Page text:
Deepwater Destruction

April 30, 2010

Rheanna Sand

Science in Seconds Blog by Rheanna Sand

The first sheen from the massive BP oil spill approached the Louisiana coast last night. While deep ocean life is at immediate risk, a large share of the tragedy is directly related to how much oil reaches the abundant shores. This of course depends on how fast they can stop the leak of crude oil happening right now in the Gulf of Mexico.

The Deepwater Horizon rig exploded on Tuesday, April 20, claiming 11 lives. It wasn't until the weekend that BP discovered a failure in the blowout preventer, which interrupts the oil flow in such emergencies. Another breach was found this week that rocketed the initial leak estimate five-fold, to 200 000 gallons per day. At the current rate, in 50 days, the spill will approach the Exxon Valdez disaster in scale.

Since no human can venture to the sea floor at those depths, BP is relying on remotely operated vehicles to inject more hydraulic fluid and manually close the valve. So far, no success.

On the surface, while skimmers and dispersants do their thing, another more controversial plan has been tested: in-situ burning. Literally lighting the ocean on fire. This is a dangerous, difficult method that still leaves about half the oil left over, and a heavy sticky residue at that. But it’s a classic case of "lesser of two evils." Huge black smoke plumes, and benthic sludge? Or oily, suffocated land where lush greenery once thrived? If choppy seas don't get in the way, BP will be trying this tactic more than a few times.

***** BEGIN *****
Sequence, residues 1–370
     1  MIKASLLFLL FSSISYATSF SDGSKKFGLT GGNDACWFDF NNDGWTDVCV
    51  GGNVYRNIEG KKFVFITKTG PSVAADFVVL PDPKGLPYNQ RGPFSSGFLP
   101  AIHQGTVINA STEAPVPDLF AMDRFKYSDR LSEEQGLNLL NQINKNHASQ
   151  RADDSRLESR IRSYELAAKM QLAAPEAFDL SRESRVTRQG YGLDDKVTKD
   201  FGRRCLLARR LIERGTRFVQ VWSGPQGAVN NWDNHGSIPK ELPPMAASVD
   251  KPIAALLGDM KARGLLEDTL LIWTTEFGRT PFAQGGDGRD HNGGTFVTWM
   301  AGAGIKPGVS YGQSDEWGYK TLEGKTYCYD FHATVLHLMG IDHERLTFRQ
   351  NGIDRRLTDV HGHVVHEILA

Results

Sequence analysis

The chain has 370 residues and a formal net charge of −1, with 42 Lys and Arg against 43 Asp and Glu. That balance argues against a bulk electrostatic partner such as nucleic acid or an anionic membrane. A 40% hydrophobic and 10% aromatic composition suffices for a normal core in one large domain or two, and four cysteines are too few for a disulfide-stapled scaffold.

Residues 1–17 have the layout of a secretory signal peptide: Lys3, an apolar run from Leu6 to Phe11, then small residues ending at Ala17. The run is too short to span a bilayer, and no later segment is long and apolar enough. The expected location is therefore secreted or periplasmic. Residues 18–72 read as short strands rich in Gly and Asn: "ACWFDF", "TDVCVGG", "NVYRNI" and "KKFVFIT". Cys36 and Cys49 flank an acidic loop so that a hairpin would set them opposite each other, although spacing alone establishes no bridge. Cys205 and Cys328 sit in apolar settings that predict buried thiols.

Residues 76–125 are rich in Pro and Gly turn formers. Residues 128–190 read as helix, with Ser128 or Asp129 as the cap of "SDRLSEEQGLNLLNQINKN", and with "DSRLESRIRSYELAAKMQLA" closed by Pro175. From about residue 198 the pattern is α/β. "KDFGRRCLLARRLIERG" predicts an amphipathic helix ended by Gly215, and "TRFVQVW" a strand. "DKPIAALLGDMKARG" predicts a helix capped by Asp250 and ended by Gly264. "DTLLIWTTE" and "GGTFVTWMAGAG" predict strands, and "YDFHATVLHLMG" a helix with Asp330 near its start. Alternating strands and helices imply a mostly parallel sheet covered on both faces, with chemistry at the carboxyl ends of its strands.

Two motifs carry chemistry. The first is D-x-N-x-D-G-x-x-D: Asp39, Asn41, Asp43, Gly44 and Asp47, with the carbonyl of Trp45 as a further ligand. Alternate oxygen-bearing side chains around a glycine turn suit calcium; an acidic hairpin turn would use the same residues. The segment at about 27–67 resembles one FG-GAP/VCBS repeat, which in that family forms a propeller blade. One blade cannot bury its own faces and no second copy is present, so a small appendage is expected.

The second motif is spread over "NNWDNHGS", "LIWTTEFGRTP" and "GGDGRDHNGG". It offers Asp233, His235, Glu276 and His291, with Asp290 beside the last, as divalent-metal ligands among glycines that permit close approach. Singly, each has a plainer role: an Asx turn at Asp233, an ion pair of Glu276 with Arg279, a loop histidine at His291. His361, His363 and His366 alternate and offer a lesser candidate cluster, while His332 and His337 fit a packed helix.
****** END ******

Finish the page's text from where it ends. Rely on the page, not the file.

There are other measures that will take weeks to months: domes may be installed to collect the oil and pump it to the surface, and they plan to drill a relief well into the oil reservoir to lessen the pressure of the leaks.

In the meantime, shrimp boat captains are becoming key players in this drama. They have been given emergency fishing licences to catch as many of their lifeblood as possible before the oil comes, and at the same time, they are contributing to the recovery by skimming oil in shallow areas. Two shrimpers also filed a multi-million dollar class-action lawsuit against BP and Transocean yesterday, forecasting economic devastation for many local industries.

As if New Orleans needed another man-made disaster.



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